Paul Y. Hoskisson
With this issue a new
editor has taken over the helm of the Journal. Because of a recent church calling, it was
necessary for Andrew H. Hedges, the immediate past editor of the Journal, to step down after
only a short time. The new editor, Paul Y. Hoskisson, an erstwhile contributor
to and long-time reader of the Journal, agreed to begin immediately. He brings a wide range of interests and
This current issue forms a
transition from the editorship of Andrew Hedges to myself. We will miss Andrew;
he took the editorship seriously and served faithfully.
Terryl Givens has provided the
first article in this issue, which makes available in print his presentation of
the first Laura F. Willes Center Book of Mormon Lecture. Givens has already
amassed a considerable and acclaimed body of scholarship on the Book of Mormon.1 In this article he discusses provenance as
an important theme in the Book of Mormon, pointing out its influence on the
structure and purpose of the book. He also discusses the themes of revelation,
Christology, Zion, and scripture in the Book of Mormon.
The year 2009 is the hundredth
anniversary of the translation of the Book of Mormon into Japanese. To help
celebrate this milestone in the spread of the Restoration in these latter days,
Shinji Takagi has written an exploration and commemoration of this seminal
Most well-known religions were founded in the misty past, with little if any contemporaneous
documentation. Not so the restoration of the gospel in these latter days.
Extant newspaper and other published accounts open windows onto interesting
vistas of many of the early events of the Restoration. Matthew Roper offers Journal readers a few glimpses of the rich material about the Book of Mormon published
in newspapers contemporaneous with Joseph Smith.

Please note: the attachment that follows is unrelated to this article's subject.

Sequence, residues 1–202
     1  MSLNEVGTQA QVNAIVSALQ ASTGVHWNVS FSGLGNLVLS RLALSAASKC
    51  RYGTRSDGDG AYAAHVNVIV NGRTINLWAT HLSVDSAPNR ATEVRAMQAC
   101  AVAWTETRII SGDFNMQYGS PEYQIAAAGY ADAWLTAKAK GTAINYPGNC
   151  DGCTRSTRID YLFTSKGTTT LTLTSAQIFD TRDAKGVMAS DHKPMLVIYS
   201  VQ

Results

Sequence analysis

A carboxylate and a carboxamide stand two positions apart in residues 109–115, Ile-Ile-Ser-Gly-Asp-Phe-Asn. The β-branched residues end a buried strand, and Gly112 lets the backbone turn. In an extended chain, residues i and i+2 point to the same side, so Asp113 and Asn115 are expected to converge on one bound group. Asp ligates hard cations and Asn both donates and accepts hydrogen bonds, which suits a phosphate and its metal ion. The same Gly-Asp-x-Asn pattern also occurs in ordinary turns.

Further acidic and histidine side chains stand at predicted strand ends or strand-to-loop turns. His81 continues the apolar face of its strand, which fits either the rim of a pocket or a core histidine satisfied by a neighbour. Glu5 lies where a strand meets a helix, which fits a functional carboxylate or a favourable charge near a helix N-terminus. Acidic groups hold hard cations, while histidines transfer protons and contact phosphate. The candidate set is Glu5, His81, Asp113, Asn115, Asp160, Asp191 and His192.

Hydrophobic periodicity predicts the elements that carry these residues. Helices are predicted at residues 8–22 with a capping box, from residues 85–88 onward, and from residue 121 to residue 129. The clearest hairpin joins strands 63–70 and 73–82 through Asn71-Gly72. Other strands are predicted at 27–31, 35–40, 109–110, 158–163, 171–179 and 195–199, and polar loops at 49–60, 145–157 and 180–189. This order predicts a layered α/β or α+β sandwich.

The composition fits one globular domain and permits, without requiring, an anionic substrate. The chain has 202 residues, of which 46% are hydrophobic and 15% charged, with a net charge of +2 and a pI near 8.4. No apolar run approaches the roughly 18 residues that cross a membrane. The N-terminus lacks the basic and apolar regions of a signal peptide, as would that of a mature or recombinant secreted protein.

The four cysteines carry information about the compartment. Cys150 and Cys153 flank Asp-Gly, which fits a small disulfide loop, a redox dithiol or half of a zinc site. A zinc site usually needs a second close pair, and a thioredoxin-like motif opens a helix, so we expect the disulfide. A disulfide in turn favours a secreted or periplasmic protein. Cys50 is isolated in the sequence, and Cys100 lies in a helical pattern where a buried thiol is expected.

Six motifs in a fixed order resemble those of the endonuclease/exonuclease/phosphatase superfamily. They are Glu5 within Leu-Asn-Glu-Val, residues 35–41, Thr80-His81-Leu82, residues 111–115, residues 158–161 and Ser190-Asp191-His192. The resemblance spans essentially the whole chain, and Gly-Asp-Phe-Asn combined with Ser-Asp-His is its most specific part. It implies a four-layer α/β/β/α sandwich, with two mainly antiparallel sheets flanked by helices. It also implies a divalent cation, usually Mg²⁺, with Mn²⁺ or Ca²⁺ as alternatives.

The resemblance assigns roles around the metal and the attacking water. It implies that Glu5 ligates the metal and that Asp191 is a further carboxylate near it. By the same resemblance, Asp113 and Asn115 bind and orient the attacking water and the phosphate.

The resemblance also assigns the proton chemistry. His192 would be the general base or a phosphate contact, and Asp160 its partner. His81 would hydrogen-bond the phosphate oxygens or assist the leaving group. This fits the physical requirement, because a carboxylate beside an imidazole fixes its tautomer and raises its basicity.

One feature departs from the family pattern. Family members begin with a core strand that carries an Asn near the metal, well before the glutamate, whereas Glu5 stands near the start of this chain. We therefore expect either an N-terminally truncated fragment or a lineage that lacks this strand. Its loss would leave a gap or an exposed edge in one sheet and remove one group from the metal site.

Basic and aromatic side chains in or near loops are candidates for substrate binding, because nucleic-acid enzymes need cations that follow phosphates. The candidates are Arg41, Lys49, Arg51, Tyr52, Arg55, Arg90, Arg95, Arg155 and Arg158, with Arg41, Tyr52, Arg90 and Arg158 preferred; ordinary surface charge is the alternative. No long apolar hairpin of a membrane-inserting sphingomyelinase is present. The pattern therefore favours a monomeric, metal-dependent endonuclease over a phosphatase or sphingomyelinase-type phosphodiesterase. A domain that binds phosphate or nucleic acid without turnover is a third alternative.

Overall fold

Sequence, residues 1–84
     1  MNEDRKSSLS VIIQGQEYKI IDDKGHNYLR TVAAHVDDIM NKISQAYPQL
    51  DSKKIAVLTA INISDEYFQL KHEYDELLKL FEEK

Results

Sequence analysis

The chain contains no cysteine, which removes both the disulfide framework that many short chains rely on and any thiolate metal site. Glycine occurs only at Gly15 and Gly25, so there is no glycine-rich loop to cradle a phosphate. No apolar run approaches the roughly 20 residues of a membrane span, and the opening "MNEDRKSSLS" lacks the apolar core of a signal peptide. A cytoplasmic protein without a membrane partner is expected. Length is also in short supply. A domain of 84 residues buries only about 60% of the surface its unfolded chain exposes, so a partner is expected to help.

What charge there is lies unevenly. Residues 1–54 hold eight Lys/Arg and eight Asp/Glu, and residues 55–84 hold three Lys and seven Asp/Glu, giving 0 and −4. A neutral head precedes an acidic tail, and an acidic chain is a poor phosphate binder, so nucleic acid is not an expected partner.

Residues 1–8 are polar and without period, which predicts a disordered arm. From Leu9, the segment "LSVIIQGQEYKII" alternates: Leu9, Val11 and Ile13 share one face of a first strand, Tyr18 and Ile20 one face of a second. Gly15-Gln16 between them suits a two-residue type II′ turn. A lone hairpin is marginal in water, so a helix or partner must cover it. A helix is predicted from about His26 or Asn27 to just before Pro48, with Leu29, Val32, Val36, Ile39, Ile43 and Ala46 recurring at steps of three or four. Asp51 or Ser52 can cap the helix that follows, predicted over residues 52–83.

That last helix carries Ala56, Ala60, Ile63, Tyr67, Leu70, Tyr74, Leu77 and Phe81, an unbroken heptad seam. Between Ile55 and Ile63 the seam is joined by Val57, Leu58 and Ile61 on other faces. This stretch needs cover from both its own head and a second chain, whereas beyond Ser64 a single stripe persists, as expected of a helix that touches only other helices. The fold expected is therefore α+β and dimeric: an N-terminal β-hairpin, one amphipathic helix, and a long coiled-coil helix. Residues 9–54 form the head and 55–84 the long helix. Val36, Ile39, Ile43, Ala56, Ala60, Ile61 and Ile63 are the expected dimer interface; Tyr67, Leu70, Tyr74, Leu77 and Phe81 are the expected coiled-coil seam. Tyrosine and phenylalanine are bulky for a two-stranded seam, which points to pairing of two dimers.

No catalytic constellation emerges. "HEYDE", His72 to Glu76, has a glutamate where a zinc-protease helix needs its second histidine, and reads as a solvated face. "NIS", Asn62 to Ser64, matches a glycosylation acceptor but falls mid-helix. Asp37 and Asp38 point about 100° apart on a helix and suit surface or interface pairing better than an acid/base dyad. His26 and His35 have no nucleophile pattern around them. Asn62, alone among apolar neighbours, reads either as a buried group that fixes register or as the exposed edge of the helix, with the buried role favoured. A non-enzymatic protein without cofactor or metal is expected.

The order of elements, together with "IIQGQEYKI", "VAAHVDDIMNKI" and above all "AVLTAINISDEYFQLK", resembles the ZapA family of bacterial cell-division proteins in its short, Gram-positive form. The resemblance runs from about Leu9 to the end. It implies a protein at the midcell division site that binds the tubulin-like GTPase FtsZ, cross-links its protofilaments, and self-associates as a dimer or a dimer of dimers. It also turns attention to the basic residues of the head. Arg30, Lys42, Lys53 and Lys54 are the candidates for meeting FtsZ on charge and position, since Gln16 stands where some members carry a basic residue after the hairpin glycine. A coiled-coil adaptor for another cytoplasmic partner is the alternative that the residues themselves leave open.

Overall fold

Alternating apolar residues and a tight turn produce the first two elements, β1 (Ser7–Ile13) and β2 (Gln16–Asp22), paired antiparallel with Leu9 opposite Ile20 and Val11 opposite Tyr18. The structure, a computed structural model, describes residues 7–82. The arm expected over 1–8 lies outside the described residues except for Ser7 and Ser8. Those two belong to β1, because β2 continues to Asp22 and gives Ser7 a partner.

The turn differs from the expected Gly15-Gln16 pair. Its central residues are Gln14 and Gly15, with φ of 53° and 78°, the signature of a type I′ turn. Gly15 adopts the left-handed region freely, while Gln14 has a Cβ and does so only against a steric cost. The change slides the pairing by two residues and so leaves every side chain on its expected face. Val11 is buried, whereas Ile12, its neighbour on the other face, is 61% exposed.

With the current change of
editors of the Journal, it is only appropriate to include here for
our readers a retrospective, written from the perspective of all the Journal editors, beginning with the very first editor.
Perhaps in the future historians
might declare that, with the exception of our Restoration scriptures, the
publication of the Joseph Smith Papers ranks as the most important
publication in these latter days. Therefore, Matthew Grow’s review of the
second book of the papers project, also the first book of the Revelations and
Translations series, will be of interest to our readers.
With this issue we begin a new
feature, “Worthy of Another Look: Classics from the Past.” In 1993
Robert Millet published “The Book of Mormon, Historicity, and Faith.”2 This paper is as relevant today as when it
was first published. One of the directions biblical studies had taken, and
continues to take, denies that scriptural events need be historical. On the
contrary, it is important that Latter-day Saints know why many of the events
recorded in the scriptures must be historical.
I hope you enjoy the variety and
scholarly acumen that our authors have provided for your enjoyment and
edification. As editor, I welcome your comments and suggestions. Please send
them to email@example.com.
for example, The Viper on the Hearth: Mormons, Myths, and
the Construction of Heresy (New York: Oxford University Press,
the Hand of Mormon: The American Scripture that Launched a New World Religion (New York: Oxford University Press, 2002); The Latter-day Saint Experience in America (Westport, CN: Greenwood, 2004); People of Paradox: A History of Mormon
Culture (New York: Oxford University Press, 2007); The Book of
Mormon: A Very Short Introduction (New York: Oxford University
Press, 2009); “The Book of Mormon and Dialogic Revelation,” Journal
of Book of Mormon Studies 10/2 (2001): 16–27.
2. Journal of Book
of Mormon Studies 2/2 (1993): 1–13.